Is Lindsey Buckingham Considered More Appropriate For Tea Time?

Recently, the television provoked me into doing some research on one-hit wonders. As I live in the States, perusing the ‘80s portion of The UK One Hit Wonders Site was an interesting read.

I noticed that Thomas Dolby and Tom Tom Club each only had one hit in the UK (as is the case here in the US). However, in the UK, those lone hits were Hyperactive and Wordy Rappinghood, respectively – neither being the songs that were hits here (that would be She Blinded Me With Science and Genius Of Love).

But, perhaps the thing that puzzled me most was Stevie Nicks.

According to this site, Stevie Nicks is a one-hit wonder in the UK.

Such a thing seemed unfathomable. There were few female artists in the early ‘80s who had more music on the radio here in the States. Nicks’ first two solo albums, Bella Donna and The Wild Heart were massive.

One of the rock stations I listened to at the time would even play the hell out of something like Violet And Blue, a song from the Against All Odds soundtrack, simply because it was by Nicks.

In the UK, her only hit was in 1989 with Rooms On Fire (it’s not a bad song, but it came well after her solo career had peaked in the US).

Why had the UK proven to be impervious to the charms of Ms. Nicks?

Was it all the twirling?

Was it the shawls and lace?

Was it that she sang a song glorifying a Welsh witch?

It’s not like Fleetwood Mac was a footnote act and for many fans – especially those who wouldn’t know Peter Green if he was taking potshots at them with an air rifle – she was the soul of the band.

Apparently, few of those fans reside in the UK.

Stevie Nicks – After The Glitter Fades
Bella Donna was inescapable when it came out in ’81 with songs like Stop Draggin’ My Heart Around, Leather And Lace, and Edge Of Seventeen constantly on the radio.

I preferred the lesser-known After The Glitter Fades which was more low-key and intimate than Bella Donna’s other hits.

Stevie Nicks – If Anyone Falls
Leading off with the song Stand Back, Nicks’ follow-up to Bella Donna, The Wild Heart, picked up where the former left off in 1983. Despite my relative indifference to Bella Donna, I purchased a copy of The Wild Heart and, start to finish, I still think it’s her best solo album (of course, I’ve only heard a handful of songs from her more recent releases).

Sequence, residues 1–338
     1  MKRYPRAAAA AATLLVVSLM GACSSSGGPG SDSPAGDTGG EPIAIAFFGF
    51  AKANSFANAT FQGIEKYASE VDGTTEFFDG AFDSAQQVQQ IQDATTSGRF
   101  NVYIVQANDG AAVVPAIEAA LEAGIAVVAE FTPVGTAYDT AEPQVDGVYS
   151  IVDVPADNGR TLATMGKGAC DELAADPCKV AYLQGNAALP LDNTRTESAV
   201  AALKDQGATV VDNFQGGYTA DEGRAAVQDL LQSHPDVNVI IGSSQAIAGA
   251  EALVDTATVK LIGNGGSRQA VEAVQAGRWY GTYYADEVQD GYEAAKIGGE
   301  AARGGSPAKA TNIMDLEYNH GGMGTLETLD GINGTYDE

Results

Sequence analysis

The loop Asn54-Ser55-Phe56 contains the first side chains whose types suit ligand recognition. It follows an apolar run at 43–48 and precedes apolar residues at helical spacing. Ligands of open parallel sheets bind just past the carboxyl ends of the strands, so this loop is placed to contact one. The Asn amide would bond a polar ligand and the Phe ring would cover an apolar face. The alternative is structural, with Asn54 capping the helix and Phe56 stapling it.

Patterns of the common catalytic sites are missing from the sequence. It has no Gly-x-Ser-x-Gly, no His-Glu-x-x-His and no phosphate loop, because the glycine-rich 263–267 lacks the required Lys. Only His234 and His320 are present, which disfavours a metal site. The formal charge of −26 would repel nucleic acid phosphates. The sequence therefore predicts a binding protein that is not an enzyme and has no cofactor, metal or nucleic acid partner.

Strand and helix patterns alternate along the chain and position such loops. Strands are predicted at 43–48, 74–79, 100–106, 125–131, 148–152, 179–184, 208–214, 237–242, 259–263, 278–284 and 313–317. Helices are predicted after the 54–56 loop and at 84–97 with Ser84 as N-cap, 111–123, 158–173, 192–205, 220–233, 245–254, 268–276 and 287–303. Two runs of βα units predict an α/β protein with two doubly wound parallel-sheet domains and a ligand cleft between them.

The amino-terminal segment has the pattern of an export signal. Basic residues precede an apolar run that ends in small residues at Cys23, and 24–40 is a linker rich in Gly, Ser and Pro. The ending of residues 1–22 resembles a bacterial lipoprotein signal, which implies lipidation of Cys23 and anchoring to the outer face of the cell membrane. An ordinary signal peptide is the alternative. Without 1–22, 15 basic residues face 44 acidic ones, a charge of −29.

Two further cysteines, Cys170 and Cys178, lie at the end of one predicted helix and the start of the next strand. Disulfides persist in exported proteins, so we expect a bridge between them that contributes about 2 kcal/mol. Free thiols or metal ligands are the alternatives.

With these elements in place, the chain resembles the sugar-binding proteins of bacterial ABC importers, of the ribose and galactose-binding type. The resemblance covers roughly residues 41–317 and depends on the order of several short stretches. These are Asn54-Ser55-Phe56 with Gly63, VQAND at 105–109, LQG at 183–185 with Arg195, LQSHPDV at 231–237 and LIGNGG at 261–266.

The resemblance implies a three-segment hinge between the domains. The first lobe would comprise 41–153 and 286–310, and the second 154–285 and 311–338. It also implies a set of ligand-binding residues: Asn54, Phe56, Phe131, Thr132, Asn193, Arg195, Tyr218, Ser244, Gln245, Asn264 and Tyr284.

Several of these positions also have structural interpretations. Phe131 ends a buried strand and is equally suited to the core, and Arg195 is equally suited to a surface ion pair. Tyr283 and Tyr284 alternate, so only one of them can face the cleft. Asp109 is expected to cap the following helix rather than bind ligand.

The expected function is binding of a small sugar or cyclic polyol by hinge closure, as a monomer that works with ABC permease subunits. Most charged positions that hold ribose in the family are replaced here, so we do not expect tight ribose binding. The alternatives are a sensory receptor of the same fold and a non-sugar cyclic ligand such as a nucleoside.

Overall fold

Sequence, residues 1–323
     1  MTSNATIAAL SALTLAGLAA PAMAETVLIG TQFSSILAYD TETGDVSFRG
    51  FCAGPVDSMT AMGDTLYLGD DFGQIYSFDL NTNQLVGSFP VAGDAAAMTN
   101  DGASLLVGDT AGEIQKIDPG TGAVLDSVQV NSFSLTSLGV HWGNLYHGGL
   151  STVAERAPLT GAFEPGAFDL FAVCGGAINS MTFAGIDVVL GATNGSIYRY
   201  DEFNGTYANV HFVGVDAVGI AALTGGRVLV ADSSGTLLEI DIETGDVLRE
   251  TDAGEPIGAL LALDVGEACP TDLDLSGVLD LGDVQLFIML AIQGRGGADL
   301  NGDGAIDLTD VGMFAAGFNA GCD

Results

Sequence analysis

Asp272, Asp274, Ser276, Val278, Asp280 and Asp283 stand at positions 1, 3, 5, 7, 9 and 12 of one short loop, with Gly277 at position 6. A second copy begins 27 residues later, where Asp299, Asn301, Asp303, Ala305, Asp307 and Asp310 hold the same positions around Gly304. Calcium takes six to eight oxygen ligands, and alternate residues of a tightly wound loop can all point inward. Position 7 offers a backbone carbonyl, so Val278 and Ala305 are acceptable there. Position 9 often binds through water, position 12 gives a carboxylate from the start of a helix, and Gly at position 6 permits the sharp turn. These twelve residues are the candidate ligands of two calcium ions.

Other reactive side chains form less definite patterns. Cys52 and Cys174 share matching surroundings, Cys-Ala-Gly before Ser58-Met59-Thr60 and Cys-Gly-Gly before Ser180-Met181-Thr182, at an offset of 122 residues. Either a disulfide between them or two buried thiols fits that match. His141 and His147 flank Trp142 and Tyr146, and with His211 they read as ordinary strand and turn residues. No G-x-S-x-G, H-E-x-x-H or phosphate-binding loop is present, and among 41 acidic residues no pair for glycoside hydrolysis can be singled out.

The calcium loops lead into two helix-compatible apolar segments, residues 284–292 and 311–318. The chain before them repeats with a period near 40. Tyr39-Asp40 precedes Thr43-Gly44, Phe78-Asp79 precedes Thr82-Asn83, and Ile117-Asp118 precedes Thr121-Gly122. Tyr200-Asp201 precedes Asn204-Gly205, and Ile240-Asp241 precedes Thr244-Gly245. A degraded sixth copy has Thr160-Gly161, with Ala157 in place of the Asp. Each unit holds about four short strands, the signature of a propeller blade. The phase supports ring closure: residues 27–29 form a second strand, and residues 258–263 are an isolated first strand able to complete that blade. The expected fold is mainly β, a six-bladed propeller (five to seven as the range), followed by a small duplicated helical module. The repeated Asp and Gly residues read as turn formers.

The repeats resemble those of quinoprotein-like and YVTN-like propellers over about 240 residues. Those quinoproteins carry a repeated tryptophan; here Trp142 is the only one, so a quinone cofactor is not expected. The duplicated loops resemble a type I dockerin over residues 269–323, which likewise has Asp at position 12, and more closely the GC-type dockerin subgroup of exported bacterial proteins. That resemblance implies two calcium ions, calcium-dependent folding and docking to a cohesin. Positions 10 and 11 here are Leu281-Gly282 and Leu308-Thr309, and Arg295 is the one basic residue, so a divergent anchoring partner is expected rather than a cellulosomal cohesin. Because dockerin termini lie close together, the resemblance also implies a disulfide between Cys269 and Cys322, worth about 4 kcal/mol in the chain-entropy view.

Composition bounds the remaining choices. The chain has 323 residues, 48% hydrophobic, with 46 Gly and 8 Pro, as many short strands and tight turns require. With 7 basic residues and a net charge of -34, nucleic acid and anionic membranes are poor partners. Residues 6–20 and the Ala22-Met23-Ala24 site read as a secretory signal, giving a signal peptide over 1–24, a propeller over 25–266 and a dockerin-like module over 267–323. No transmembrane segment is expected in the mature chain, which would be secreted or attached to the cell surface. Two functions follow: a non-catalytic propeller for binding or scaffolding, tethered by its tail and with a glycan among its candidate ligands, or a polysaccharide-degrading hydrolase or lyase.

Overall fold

If Anyone Falls, though, would likely be my favorite track by Nicks as a solo artist (with Fleetwood Mac it would undoubtedly be Sara).

Tom Petty & The Heartbreakers with Stevie Nicks – Needles And Pins
Nicks’ first solo hit, Stop Draggin’ My Heart Around, found her accompanied by Tom Petty & The Heartbreakers. The Wild Heart included a similar union with the song I Will Run To You.

However, I prefer their cover of a hit by The Searchers (co-written by Sonny Bono) which appeared on Petty’s album Pack Up The Plantation: Live!

Stevie Nicks – Rooms On Fire
Rock A Little, Nicks’ third solo effort, was the last studio album of hers which I owned (I did snag a promo copy of her Enchanted box set from a label rep). I thought it really suffered from the slick, glossy production which was the norm in the mid-‘80s.

There would be a four-year gap until Nicks’ next solo release in 1989 with The Other Side Of The Mirror (apparently it was inspired by Alice In Wonderland) which gave Stevie her only UK hit with Rooms On Fire.


One Response to Is Lindsey Buckingham Considered More Appropriate For Tea Time?

  1. halfhearteddude says:

    I’m shocked at Nicks’ lack of success in the UK charts. I took it for granted that Stop Draggin’ My Heart Around was a biggish hit there, as it was in South Africa. But, as you say, she had just one UK hit, and that reached only #16. She also had four non-Top 40 entries (and another one with the Petty duet) between 1986 and ’89.

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